John Garrett
garrjohn@gmail...
96.229.221.76

Rob, is this about what you envisioned?

Earth's Tilt

2011-06-28 18:38:24
Rob Painting
Rob
paintingskeri@vodafone.co...
118.92.115.234

JG, I was more thinking along the lines of a shot of the Earth leaning toward the viewer, perhaps Asia/Europe/Africa (the main bulk of the land mass) at minimum obliquity and then maximum.

Excellent stuff by the way, a picture being worth a thousands words and all that. 

2011-06-29 00:16:47Illustration: Changes in tilt vis-a-vis major land masses
jg
John Garrett
garrjohn@gmail...
108.23.2.2

Like this?

Earth's Tilt vis-a-vis the major land masses

 

And for good measure, here's one showing the Americas and Australia:

Earth's tilt looking at America and Australia

2011-06-29 21:42:32
Rob Painting
Rob
paintingskeri@vodafone.co...
118.92.106.249

Sweeeeeet! The green line for comparison between the two is a great idea.

2011-07-01 05:42:39Illustration: Eccentricity and apparent size of the sun
jg
John Garrett
garrjohn@gmail...
108.23.2.2

This illustration and others like it that I'm working on may do well in a basic Milankovitch cylces post. I took the sun photos, so there's not copyright issue.

jg

 

Earth's Orbit: Eccentricity and apparent size of the sun

2011-07-01 06:30:25
Rob Painting
Rob
paintingskeri@vodafone.co...
118.93.6.156

A basic version of Milankovitch would be great JG, it's one thing that many bloggers are genuinely confused about.

2011-07-01 23:51:44
jg
John Garrett
garrjohn@gmail...
108.23.2.2

Another illustration I'd use in a basic orbit/milankovitch post. This shows that precession has real implications and will lead into an explanation of the difference between astronomical precession and climatic precession (a distinction often lost among astronomers):

Precession visible over 50 years on a star map

2011-07-02 00:41:47Perhaps...
John Hartz
John Hartz
john.hartz@hotmail...
98.122.98.161

The last chart reminded me of an astrological chart. Perhaps SkS should start a Astrology series? (Sorry, it's been a long week.) 

2011-07-02 00:46:27
jg
John Garrett
garrjohn@gmail...
108.23.2.2

Actually, astrology recently corrected itself for precession though this made no change to its predictive skill.

But mentioning it could have an interesting angle.

 

2011-07-06 12:03:28
jg
John Garrett
garrjohn@gmail...
96.229.221.76

I tried my hand at a basic level post on this topic:

Orbital Forcing

My post walks the reader through a series of illustrations, an approach that may not be desirable for SKS, or my aim may be too basic for the target audience. Blunt, honest feedback is welcome.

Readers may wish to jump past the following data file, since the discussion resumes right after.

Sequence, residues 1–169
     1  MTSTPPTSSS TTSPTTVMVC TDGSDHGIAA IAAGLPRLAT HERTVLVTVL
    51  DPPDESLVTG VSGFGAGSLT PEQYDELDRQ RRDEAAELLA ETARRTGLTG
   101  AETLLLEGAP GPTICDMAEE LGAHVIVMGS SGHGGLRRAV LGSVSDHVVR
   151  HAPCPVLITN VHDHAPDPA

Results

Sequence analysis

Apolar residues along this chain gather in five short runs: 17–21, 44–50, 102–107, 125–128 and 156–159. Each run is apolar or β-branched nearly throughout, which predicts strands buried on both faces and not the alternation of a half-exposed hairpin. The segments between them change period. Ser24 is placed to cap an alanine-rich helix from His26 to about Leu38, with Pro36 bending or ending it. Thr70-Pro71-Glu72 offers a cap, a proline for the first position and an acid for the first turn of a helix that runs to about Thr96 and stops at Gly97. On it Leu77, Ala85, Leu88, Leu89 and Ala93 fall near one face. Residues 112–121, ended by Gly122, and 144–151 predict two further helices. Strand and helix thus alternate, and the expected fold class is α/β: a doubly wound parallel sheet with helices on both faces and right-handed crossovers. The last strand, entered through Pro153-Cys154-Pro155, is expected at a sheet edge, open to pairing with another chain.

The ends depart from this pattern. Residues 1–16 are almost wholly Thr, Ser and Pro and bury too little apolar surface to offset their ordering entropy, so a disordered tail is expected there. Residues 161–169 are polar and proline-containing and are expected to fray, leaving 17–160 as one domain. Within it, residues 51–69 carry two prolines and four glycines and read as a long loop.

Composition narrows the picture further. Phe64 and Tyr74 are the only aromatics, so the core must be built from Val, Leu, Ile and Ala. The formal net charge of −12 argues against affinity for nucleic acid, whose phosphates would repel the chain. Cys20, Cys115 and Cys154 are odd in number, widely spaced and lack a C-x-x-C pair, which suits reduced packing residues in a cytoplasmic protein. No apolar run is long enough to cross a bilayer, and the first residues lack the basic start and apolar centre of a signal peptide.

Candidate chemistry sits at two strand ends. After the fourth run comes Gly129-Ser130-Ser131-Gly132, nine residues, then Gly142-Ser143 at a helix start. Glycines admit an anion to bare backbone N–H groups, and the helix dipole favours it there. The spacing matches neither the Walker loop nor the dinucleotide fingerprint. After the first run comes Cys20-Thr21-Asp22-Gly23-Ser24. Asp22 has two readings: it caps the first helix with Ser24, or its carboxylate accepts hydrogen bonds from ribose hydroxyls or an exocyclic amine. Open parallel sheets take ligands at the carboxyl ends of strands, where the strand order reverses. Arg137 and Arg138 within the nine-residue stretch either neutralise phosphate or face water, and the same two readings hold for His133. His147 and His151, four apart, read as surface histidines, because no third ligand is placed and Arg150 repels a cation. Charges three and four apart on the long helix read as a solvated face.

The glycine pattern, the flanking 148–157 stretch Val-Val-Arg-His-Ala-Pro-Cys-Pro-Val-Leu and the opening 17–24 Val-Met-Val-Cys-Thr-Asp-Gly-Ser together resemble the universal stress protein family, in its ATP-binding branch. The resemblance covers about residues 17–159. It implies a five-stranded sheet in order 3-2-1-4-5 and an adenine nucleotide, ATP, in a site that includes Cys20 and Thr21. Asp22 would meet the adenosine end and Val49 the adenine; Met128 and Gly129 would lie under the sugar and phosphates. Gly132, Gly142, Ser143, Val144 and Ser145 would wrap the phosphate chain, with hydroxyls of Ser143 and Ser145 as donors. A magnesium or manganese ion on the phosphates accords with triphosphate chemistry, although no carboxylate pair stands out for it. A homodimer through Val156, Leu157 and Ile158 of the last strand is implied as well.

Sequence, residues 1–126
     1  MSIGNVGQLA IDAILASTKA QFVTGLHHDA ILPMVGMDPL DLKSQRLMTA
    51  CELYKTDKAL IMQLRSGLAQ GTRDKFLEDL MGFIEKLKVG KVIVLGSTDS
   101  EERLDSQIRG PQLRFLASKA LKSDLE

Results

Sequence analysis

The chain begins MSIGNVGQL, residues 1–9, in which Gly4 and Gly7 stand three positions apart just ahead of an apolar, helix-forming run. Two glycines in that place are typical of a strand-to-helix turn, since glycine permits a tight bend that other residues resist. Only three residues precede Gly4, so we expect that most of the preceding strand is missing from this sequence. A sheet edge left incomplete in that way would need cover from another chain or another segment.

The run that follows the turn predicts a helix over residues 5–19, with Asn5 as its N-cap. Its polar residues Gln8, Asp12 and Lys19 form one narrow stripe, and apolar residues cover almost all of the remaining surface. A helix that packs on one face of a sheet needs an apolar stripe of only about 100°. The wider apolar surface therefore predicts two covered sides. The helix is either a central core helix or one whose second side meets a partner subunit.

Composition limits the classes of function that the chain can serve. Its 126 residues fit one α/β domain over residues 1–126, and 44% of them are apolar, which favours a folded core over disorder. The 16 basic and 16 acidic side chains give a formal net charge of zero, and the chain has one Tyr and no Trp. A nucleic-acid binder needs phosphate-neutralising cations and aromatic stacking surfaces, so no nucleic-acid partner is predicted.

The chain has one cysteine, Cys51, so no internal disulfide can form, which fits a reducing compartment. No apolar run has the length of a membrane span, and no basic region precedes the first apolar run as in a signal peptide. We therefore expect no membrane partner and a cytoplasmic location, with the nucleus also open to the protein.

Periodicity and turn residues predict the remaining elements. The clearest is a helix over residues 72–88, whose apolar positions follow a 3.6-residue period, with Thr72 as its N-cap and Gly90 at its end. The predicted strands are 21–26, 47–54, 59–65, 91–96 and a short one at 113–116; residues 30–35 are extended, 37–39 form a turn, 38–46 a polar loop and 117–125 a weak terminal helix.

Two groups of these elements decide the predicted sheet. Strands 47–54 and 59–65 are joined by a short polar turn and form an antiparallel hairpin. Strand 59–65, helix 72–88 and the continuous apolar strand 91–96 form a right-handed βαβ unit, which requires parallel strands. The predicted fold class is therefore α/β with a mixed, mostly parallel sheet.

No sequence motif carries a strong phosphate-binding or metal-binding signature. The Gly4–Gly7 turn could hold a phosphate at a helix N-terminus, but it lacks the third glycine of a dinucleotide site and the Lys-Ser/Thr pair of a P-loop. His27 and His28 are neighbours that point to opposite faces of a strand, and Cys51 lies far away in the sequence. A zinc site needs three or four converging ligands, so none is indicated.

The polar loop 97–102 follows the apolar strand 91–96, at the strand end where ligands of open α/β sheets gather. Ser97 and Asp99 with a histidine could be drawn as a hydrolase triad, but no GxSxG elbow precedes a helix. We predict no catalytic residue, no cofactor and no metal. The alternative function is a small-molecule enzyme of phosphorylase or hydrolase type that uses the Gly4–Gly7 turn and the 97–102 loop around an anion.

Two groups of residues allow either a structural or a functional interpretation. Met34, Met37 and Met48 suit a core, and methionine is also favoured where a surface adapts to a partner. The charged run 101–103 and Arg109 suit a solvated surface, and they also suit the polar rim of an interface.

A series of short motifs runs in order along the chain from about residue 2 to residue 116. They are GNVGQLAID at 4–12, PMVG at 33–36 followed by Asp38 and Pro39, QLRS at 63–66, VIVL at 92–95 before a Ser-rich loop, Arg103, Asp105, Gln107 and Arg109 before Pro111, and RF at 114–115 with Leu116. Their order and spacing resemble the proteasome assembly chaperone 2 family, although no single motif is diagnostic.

If can turn this into a usable post, I hope it will serve to keep Chris Colose's recent draft on the same topic focused at a hire level reader.

There are also a few details I need advice on, but before I ask, I'd like to see what others think of what I have so far.

thanks,

j

2011-07-06 13:12:38
Rob Painting
Rob
paintingskeri@vodafone.co...
118.93.250.27

jg- some suggestions:

1. Too many graphics for one post. Too much to digest for the layperson. Maybe break it in two?

2. Context. You need a hook to make it relevant to global warming. A discussion about Milankovitch without relating it to what we discuss here makes it a dry read. "Climate's changed before" is a common logical fallacy used by "skeptics", maybe that's your  'angle'?

3 Awesome graphics!

 

2011-07-07 00:12:59
jg
John Garrett
garrjohn@gmail...
108.23.2.2

Thanks Rob. Very helpful.

2011-07-07 01:04:53
Chris Colose

colose@wisc...
128.183.2.130

I will try to modify my own Milankovitch post today or tomorrow.  Sorry, been very busy in the last week.

2011-07-07 20:19:47
Steve Brown

brownsg@gmail...
91.220.25.25

An excellent start.  As Rob says, it would be an improvement to split it into 2 posts.  It also needs an introduction to put it in context, such as it being the main driver of glacial / interglacial cycles and it was the puzzle of these regular cycles that got Croll and Milankovitch interested.  You could maybe finish of with including a simplifed version of: http://www.skepticalscience.com/pics/orbitParams_wUnits_lg.jpg and a mention that we can see the influence of the orbital components within sedimentary rock strata, ice and sediment cores etc.